**The wattage of the product is often labeled on the back of the product itself.** If it should look like this:

If it is not labeled on the product, you can look at the original package or user manual to find the wattage.

If you cannot find the wattage from the two methods above, you can find an average wattage for the product online. However, this will likely not be accurate, so we suggest you purchase a cheap energy monitor.

A cheap energy monitor will run you about $20-$30 on Amazon and take care of the calculations for you. For instance, this electricity usage monitor will not only tell you the wattage of the product but it will also tell you how many kWh the electrical product uses.

**If you do not want to perform any calculations, a simple energy monitor is the way to go.**

Unless you are using a simple energy monitor, your estimated monthly electricity use of a device or appliance is just a best guess. If you don’t have one, write that best guess down. Ensure that your estimated monthly use is in *hours *or the calculations will not work.

**After you determine your estimated monthly use and the product wattage of all the appliances you are measuring, you have everything you need to make your calculations.**

### 2. Calculating Kilowatt-Hours (kWh)

We will be using the two formulas from above to find the amount of kWh a product consumes.

**First, we will find the watt-hours of a product. **

In our example, we will be using a **135-watt television**, that has an estimated monthly use of **30 hours**.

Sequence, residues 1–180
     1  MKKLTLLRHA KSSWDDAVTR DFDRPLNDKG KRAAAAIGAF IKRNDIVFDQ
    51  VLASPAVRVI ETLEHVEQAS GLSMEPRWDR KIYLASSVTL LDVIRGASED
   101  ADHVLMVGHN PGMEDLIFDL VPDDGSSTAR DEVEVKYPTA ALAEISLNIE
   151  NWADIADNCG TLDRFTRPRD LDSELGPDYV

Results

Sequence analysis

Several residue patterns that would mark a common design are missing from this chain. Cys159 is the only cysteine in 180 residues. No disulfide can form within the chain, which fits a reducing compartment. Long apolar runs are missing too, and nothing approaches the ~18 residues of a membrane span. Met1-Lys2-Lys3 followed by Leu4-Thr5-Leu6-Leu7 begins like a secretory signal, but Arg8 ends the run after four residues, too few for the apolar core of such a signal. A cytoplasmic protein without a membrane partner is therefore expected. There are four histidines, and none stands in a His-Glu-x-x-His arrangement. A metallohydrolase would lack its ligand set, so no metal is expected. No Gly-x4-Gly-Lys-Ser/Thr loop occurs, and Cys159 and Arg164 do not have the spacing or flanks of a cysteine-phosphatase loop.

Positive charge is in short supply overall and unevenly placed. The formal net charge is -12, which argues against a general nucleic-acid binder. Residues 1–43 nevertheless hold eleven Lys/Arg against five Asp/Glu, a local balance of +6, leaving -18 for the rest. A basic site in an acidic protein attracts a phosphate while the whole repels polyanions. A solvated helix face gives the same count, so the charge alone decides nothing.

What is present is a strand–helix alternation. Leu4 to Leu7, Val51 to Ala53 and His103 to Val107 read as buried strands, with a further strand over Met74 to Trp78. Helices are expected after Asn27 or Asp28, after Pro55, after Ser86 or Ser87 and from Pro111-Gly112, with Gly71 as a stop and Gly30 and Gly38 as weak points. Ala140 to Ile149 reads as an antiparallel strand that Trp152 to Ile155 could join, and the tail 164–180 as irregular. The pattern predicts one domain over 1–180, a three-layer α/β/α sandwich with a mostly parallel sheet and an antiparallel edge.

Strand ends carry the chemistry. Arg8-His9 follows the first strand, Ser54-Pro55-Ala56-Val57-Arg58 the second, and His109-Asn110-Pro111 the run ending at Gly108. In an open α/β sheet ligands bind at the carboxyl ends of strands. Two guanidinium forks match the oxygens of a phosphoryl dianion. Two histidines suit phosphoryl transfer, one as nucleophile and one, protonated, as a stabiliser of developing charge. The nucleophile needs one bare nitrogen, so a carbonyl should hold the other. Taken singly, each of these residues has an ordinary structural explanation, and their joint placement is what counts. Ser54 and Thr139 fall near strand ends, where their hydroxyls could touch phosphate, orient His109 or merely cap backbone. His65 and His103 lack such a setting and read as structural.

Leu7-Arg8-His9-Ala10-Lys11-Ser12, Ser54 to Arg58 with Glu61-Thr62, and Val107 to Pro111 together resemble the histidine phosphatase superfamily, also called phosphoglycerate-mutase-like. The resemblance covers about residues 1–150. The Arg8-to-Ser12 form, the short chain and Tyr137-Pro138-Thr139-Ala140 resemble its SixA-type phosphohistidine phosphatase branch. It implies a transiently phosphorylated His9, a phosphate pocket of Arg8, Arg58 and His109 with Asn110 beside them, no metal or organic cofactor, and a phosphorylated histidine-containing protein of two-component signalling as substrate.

To find the watt-hours used, we will use the first formula: Watt-hours = Appliance Wattage * Estimated Monthly Use (in hours)

135 watts * 30 hours = **4,050 watt-hours**

**Next, we must convert that into kilowatt-hours (kWh). This is because kWh is the unit of measurement for our electricity bills. **

To transfer watt-hours into kilowatt-hours, we use the second formula: Kilowatt-hours = Watt-hours/1,000

4050 watt-hours / 1,000 = **4.05 kilowatt-hours**

**Our 135-watt television used for 30 hours a month comes out to 4.05 kilowatt-hours a month.**

Repeat these steps as needed to determine the power usage of all your devices and appliance products.

### 3. Calculating Total Kilowatt-Hours

The second step was the hardest part! You may even be done if you only wanted to track the kWh consumption of one or two products.

However, if you measured all of your electrical appliances, you have one last step.

**Find the sum of your kWh usage, by adding all of the product’s kWh usage together.**

This should give you a number that is relatively close to the kWh usage on your bill. And if you multiply your total kWh usage by your electricity rate (your electricity rate is also found on your bill), you should get a number close to the amount you paid on your electricity bill.

*A quick note about heating and air conditioning. It can be hard to get an accurate measure of your estimated monthly usage of heating and A/C. If you have a smart thermostat, it can tell you how long it operates each month. If not, you can get an idea of the air conditioning’s/heating’s kWh usage by taking the sum of **all** other electrical appliances kWh usage, and then subtracting that sum from the total energy consumption listed on your bill. *

## You’re Done!

You have everything you need to calculate how much electricity any of your electrical appliances and electronic devices are using.

However, there is only so much electricity usage that you can cut. So if you want to save money on your electricity bill, find more information on switching electricity suppliers here on ElectricityRates.com. Switching electricity suppliers can help you save up to 30% on your electricity bill and you don’t even have to change your energy use!